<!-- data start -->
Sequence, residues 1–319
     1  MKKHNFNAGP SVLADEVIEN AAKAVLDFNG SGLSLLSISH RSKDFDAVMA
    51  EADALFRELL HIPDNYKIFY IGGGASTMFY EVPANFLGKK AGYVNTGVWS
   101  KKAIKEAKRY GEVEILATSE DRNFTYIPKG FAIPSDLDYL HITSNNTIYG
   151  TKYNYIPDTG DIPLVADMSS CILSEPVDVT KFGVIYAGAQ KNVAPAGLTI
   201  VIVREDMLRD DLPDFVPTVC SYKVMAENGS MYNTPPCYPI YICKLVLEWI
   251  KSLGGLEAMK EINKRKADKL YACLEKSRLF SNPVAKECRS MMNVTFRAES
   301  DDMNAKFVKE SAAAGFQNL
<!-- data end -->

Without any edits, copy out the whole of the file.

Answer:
Sequence, residues 1–319
     1  MKKHNFNAGP SVLADEVIEN AAKAVLDFNG SGLSLLSISH RSKDFDAVMA
    51  EADALFRELL HIPDNYKIFY IGGGASTMFY EVPANFLGKK AGYVNTGVWS
   101  KKAIKEAKRY GEVEILATSE DRNFTYIPKG FAIPSDLDYL HITSNNTIYG
   151  TKYNYIPDTG DIPLVADMSS CILSEPVDVT KFGVIYAGAQ KNVAPAGLTI
   201  VIVREDMLRD DLPDFVPTVC SYKVMAENGS MYNTPPCYPI YICKLVLEWI
   251  KSLGGLEAMK EINKRKADKL YACLEKSRLF SNPVAKECRS MMNVTFRAES
   301  DDMNAKFVKE SAAAGFQNL